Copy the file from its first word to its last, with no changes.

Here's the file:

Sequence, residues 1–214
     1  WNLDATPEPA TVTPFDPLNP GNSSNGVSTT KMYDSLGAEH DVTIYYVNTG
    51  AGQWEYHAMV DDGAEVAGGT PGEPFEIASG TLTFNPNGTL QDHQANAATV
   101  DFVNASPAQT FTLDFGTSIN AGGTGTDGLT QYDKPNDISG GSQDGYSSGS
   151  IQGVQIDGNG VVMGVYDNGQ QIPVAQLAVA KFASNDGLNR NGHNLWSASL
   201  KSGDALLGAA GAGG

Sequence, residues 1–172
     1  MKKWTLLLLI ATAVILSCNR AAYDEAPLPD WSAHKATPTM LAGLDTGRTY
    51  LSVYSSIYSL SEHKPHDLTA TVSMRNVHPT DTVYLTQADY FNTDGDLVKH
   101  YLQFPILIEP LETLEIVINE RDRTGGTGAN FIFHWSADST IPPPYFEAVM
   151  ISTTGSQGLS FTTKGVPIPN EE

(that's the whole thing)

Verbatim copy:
Sequence, residues 1–214
     1  WNLDATPEPA TVTPFDPLNP GNSSNGVSTT KMYDSLGAEH DVTIYYVNTG
    51  AGQWEYHAMV DDGAEVAGGT PGEPFEIASG TLTFNPNGTL QDHQANAATV
   101  DFVNASPAQT FTLDFGTSIN AGGTGTDGLT QYDKPNDISG GSQDGYSSGS
   151  IQGVQIDGNG VVMGVYDNGQ QIPVAQLAVA KFASNDGLNR NGHNLWSASL
   201  KSGDALLGAA GAGG

Sequence, residues 1–172
     1  MKKWTLLLLI ATAVILSCNR AAYDEAPLPD WSAHKATPTM LAGLDTGRTY
    51  LSVYSSIYSL SEHKPHDLTA TVSMRNVHPT DTVYLTQADY FNTDGDLVKH
   101  YLQFPILIEP LETLEIVINE RDRTGGTGAN FIFHWSADST IPPPYFEAVM
   151  ISTTGSQGLS FTTKGVPIPN EE